PVTGs are more vulnerable among the tribal groups. In 1975, the Government of India initiated to identify the most vulnerable tribal groups as a separate category called PVTGs and declared 52 such groups, while in 1993 an additional 23 groups were added to the category, making it a total of 75 PVTGs out of 705 Scheduled Tribes, spread over 18 states and one Union Territory (A&N Islands) in the country (2011 census).

Among the 75 listed PVTG’s the highest number are found in Odisha (13), followed by Andhra Pradesh (12).

The Ministry of Tribal Affairs implements the Scheme of “Development of Particularly Vulnerable Tribal Groups (PVTGs)” exclusively for them .

Under the scheme, Conservation-cum-Development (CCD)/Annual Plans are to be prepared by each State/UT for their PVTGs based on their need assessment, which are then appraised and approved by the Project Appraisal Committee of the Ministry.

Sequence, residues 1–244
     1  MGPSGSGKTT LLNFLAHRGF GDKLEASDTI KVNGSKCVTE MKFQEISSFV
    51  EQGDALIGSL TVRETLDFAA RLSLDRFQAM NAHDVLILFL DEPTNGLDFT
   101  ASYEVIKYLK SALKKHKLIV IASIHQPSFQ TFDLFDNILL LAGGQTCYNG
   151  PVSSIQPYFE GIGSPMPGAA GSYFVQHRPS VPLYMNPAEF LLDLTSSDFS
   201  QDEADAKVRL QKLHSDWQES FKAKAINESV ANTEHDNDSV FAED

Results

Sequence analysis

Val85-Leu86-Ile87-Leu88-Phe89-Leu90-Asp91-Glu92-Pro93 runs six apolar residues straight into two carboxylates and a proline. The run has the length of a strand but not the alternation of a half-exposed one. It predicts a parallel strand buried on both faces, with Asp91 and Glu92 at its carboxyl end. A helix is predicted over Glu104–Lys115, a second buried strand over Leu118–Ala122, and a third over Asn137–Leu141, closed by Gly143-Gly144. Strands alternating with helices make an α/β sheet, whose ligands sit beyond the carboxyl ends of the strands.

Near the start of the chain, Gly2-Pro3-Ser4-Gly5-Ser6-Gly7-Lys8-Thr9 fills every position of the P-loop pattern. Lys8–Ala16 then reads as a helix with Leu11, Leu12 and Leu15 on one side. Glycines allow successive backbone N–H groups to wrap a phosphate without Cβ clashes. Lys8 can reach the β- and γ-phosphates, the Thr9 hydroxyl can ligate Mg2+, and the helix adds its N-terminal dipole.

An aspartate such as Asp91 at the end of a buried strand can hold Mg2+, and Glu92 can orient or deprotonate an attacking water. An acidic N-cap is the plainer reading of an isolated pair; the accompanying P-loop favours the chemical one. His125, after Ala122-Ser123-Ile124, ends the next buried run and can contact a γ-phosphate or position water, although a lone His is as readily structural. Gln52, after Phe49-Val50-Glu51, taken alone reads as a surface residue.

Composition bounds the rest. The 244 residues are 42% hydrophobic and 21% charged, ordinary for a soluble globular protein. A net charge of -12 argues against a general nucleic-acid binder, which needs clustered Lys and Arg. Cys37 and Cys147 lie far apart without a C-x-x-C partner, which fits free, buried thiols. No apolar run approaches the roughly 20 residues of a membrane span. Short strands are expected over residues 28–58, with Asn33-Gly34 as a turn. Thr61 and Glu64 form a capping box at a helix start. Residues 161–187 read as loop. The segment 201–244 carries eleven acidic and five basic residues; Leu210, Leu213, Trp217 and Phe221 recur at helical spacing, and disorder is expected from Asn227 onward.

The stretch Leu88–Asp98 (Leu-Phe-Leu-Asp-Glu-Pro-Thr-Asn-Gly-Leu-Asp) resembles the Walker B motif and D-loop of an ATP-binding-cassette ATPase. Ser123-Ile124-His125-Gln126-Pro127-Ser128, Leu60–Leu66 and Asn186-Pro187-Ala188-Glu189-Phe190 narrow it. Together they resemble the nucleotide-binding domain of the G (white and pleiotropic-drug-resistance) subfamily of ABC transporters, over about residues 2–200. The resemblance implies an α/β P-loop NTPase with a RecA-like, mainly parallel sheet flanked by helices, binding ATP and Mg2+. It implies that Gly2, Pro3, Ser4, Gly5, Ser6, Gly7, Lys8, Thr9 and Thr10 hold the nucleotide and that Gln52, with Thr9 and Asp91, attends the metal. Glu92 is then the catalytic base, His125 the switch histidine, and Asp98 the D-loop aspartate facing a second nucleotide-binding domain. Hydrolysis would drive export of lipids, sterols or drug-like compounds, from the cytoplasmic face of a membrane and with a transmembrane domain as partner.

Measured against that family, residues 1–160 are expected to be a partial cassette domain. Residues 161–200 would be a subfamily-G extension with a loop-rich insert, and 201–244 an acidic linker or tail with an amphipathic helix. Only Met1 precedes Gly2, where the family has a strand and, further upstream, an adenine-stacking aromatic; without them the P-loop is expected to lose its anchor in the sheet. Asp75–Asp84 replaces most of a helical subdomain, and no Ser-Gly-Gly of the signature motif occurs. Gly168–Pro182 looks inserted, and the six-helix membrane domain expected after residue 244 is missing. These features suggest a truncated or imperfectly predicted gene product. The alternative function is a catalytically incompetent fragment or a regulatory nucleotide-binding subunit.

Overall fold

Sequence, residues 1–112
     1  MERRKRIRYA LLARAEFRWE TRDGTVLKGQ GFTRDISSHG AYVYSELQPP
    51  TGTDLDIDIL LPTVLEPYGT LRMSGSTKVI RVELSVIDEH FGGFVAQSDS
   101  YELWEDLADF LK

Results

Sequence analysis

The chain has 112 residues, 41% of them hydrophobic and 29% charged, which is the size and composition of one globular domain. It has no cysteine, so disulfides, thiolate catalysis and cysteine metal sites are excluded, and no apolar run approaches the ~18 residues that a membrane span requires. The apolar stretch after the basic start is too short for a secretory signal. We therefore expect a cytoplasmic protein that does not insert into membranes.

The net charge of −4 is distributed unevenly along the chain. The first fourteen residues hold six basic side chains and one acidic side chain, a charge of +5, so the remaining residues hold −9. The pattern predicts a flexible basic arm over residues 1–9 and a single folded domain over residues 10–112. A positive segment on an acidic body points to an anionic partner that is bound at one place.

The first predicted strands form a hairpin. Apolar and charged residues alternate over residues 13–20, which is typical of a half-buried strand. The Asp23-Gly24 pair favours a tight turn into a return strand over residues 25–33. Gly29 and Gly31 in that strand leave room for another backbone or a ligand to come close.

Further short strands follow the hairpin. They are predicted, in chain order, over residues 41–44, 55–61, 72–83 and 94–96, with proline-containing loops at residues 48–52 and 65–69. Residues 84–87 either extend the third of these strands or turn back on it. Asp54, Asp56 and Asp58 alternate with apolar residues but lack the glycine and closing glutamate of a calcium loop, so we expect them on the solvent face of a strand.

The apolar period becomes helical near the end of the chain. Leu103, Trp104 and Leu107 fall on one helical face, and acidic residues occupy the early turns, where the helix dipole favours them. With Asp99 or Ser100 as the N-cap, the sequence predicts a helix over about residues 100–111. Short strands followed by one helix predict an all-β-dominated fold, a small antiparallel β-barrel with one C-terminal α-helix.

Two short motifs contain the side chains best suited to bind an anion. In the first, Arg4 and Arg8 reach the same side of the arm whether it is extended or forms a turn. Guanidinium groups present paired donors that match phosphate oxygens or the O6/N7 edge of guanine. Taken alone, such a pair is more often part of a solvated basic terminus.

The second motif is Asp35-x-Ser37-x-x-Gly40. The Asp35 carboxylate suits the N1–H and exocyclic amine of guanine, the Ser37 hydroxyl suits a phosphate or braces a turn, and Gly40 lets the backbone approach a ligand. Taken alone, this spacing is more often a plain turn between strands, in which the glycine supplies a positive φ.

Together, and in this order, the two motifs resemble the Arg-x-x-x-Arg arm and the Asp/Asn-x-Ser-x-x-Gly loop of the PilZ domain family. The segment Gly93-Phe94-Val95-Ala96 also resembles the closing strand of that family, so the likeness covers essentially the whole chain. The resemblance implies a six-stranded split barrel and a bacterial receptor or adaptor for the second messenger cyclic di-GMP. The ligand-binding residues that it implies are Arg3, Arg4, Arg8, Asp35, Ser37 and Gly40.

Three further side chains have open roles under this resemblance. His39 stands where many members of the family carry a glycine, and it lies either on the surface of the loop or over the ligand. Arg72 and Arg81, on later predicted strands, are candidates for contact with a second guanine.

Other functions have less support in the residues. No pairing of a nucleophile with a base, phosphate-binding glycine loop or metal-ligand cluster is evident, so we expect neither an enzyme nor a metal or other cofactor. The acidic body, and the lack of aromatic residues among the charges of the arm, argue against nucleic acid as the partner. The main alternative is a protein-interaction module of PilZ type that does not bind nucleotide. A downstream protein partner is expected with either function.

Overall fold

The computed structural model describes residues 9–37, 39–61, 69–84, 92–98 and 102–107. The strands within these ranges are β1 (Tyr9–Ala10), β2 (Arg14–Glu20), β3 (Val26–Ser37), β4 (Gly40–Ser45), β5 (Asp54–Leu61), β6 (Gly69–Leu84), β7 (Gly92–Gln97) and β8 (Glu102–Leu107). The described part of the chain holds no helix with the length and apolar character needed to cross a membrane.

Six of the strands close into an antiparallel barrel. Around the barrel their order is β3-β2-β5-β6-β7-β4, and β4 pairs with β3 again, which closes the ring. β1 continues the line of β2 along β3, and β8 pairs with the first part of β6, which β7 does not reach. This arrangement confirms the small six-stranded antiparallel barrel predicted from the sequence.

Priority is also assigned to PVTGs under the schemes of Special Central Assistance (SCA) to Tribal Sub-Scheme(TSS), Grants under Article 275(1) of the Constitution, Grants-in-aid to Voluntary Organisations working for the welfare of Schedule Tribes and Strengthening of Education among ST Girls in Low Literacy Districts.

The criteria followed for determination of PVTGs are as under:

  • A pre-agriculture level of technology.
  • A stagnant or declining population.
  • Extremely low literacy.
  • A subsistence level of economy.

Source: Down to Earth

Pro-tem Speaker

In News:

Virendra Kumar a BJP MP from Madhya Pradesh will be the Pro-tem Speaker of the 17th Lok Sabha.

Details:

It is a Latin phrase which translates to for the ‘time being’ in English. So the Pro-tem Speaker is a temporary speaker appointed for a limited period of time.